and regulation of prices and quality of utility services. Roles and responsibilities can further be . no Good governance is not universal among Sub-Saharan Africa utilities (figure 6. Making State-Owned Enterprises More Effective Two broad sets of governance reforms are important to ensure that improvements to the performance of state-owned utilities are sustainable. Most utilities report requirements to be profitable and pay market rates for debt. most utilities in the sample meet only about half of the criteria for good governance. and management of government’s different roles in policy making.4). ownership of utility assets. Overall.3 Impact of Reform on Hidden Costs in the Power Sector in Sub-Saharan Africa high reform high regulation high governance management contract or concession performance contracts with incentives present 0 50 100 150 200 250 300 350 400 average hidden cost of inefficiencies as percentage of utility revenue yes Source: Eberhard and others 2008. A comparison of utilities based on 35 governance indicators provides striking and consistent evidence that good governance improves utility performance (figure 6. Only 60 percent of the sample utilities publish audited accounts. The most prevalent good governance practices are those relating to managerial autonomy.5). roles and responsibilities need to be clarified. and stock exchange listing is virtually unheard of (Kengen and KPLC in Kenya are the exceptions).Recommitting to the Reform of State-Owned Enterprises 137 Figure 6. This involves clear identification. First. separation. but the vast majority benefit from sizeable subsidies and tax breaks and are not financially sound enough to borrow.

6 25 0. customers. and transparent transfers for social programs.0 0.20 in 2008. This can be promoted through improved transparency. and private investors. Management reforms resulted in revenue collection improvement—from 81 percent in 2004 to 100 percent in 2006.4 percent of Kenya’s gross domestic product (GDP) per year.4 underpricing distribution losses Source: Foster and Briceño-Garmendia 2009. though more gradually. commercialization .2 0 2001 2002 2003 2004 2006 0. Power-pricing reforms also allowed tariffs to rise in line with escalating costs from $0.6 1.138 Africa’s Power Infrastructure Box 6.2 50 1. performance contracts.8 1. codes of corporate governance. Note: GDP = gross domestic product. hidden costs in Kenya’s power sector fell to 0.4 0. undercollection total as % GDP clarified through public entity legislation. 100 percentage of revenue 1.1 Kenya’s Success in Driving Down Hidden Costs In the early 2000s. such as taxpayers. Distribution losses also began to fall. collection losses.07 in 2000 to $0. among the lowest totals of any African country. As a result of reforms. and distribution losses on the part of Kenya’s power distribution utility (KPLC) absorbed as much as 1.15 in 2006 and $0. which reflected the greater technical difficulty they posed. hidden costs in the form of underpricing.” by which he means strengthening the role of other power-sector stakeholders.0 2008 percentage of GDP 75 1. 33–48) refers to as “changing the political-economy of an SOE.4 percent of GDP by 2006 and almost to zero by 2008 (see figure). corporatization. effective supervisory and monitoring agencies. The second broad set of reforms revolves around what GomezIbanez (2007.8 0.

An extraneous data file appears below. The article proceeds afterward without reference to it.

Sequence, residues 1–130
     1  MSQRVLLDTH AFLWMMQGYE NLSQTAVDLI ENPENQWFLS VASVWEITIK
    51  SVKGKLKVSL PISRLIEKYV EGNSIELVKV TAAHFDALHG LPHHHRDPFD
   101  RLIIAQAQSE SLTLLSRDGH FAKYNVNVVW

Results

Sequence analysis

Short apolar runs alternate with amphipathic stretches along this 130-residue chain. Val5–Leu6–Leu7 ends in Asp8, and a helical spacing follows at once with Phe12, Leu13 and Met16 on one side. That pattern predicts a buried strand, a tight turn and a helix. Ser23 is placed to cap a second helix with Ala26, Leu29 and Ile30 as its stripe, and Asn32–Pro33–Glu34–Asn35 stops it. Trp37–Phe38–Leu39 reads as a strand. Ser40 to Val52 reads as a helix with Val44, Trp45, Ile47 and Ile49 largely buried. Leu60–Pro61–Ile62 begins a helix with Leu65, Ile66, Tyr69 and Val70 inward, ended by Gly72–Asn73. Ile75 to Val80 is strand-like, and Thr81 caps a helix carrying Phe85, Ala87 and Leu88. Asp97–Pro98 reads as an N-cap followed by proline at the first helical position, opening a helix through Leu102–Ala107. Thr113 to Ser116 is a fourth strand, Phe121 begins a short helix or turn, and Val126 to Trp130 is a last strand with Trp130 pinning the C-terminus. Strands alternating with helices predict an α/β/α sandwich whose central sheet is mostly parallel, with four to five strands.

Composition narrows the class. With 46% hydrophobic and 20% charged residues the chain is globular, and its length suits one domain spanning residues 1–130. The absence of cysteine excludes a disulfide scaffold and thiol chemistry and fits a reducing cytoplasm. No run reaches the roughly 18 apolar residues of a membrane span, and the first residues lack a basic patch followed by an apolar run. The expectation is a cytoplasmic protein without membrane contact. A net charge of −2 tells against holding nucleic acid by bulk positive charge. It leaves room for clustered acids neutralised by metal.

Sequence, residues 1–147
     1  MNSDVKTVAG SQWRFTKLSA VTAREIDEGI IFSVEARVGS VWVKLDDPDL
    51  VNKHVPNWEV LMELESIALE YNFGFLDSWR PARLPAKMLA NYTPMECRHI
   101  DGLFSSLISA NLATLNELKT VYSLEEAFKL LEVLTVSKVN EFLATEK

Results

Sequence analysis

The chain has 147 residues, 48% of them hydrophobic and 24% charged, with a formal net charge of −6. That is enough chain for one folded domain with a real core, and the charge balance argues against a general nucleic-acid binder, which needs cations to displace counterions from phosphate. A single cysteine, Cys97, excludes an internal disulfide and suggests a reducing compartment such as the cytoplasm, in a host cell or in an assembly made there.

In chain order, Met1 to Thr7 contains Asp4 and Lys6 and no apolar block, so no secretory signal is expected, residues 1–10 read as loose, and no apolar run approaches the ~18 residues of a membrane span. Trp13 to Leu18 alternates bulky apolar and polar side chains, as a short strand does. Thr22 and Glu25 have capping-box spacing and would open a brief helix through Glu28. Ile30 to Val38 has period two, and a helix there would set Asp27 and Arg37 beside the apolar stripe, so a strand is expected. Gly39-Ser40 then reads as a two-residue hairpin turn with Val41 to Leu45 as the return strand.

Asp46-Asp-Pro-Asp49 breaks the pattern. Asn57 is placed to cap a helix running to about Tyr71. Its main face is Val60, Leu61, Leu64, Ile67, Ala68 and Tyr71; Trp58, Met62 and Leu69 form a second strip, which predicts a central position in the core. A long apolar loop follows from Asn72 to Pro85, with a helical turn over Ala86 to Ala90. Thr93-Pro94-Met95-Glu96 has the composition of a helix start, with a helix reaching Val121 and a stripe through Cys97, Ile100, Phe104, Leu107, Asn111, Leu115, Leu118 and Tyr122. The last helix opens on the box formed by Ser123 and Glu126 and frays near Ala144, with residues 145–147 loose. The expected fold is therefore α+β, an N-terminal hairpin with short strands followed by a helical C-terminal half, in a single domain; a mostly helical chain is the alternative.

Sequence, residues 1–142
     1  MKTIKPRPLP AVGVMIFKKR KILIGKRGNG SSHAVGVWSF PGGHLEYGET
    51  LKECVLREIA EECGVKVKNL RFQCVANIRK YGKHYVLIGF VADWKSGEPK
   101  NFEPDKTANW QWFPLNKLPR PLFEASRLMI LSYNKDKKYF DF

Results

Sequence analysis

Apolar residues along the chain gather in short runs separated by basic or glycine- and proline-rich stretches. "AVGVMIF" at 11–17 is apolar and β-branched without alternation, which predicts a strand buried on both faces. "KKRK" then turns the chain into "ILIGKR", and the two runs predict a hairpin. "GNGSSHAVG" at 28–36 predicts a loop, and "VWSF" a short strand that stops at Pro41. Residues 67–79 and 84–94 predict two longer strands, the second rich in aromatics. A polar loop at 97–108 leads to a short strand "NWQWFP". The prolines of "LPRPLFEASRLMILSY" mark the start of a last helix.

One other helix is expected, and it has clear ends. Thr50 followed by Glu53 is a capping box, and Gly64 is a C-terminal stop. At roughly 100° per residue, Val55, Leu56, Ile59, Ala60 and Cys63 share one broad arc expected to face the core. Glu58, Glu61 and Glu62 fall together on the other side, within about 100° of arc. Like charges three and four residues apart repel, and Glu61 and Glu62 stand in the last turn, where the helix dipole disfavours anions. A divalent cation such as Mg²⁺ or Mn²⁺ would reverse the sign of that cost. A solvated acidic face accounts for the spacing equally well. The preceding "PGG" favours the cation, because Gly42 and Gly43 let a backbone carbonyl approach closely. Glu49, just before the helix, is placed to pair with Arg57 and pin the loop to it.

provided 132 megawatts.1). The utility began as one power station in Gaborone with a network that extended about 45 kilometers outside the city. Source: Molefhi and Grobler 2006. To be fair. lack of government interference in managerial decisions. Regardless. During the tenure of BPC. Governments can interfere with management decisions in an . structural reform.Recommitting to the Reform of State-Owned Enterprises 139 Box 6. its responsibilities and the national network have expanded enormously. practices. cost-reflective tariffs. Energy and Water Affairs. Government funding has allowed BPC to extend the electricity grid into rural areas. direct competition. Defined Roles and Responsibilities Utilities management in Sub-Saharan Africa often suffers from mixed— and sometimes contradictory—policy and governance directives and incentives.2 Botswana’s Success with a State-Owned Power Utility The state-owned electricity utility Botswana Power Corporation (BPC) was formed by government decree in 1970 to expand and develop electrical power potential in the country. and competent and motivated employees. analysts contend that BPC’s strong performance is equally attributable to institutional factors: a strong. The national system. Since then. The government regulates the utility through the Energy Affairs Division of the Ministry of Minerals. and mixed-capital enterprises (table 6. The power system is efficient. When capacity shortages seem likely. in 2005. access to electricity increased to 22 percent in 2006 and is set to reach 100 percent by 2016. BPC must decide between importing power and expanding its own generation facilities. and neighboring countries supplied another 266 megawatts via the Southern African Power Pool. Botswana has been an active member and major beneficiary of the regional pool since its inception in 1995. BPC has benefited from the availability of cheap imported power from South Africa (which is now severely threatened by a power crisis there). Its active trading position has helped to promote multilateral agreements and enhance cooperation among pool members. good internal governance. with distribution losses of less than 10 percent and a return on assets equal to its cost of capital. stable economy.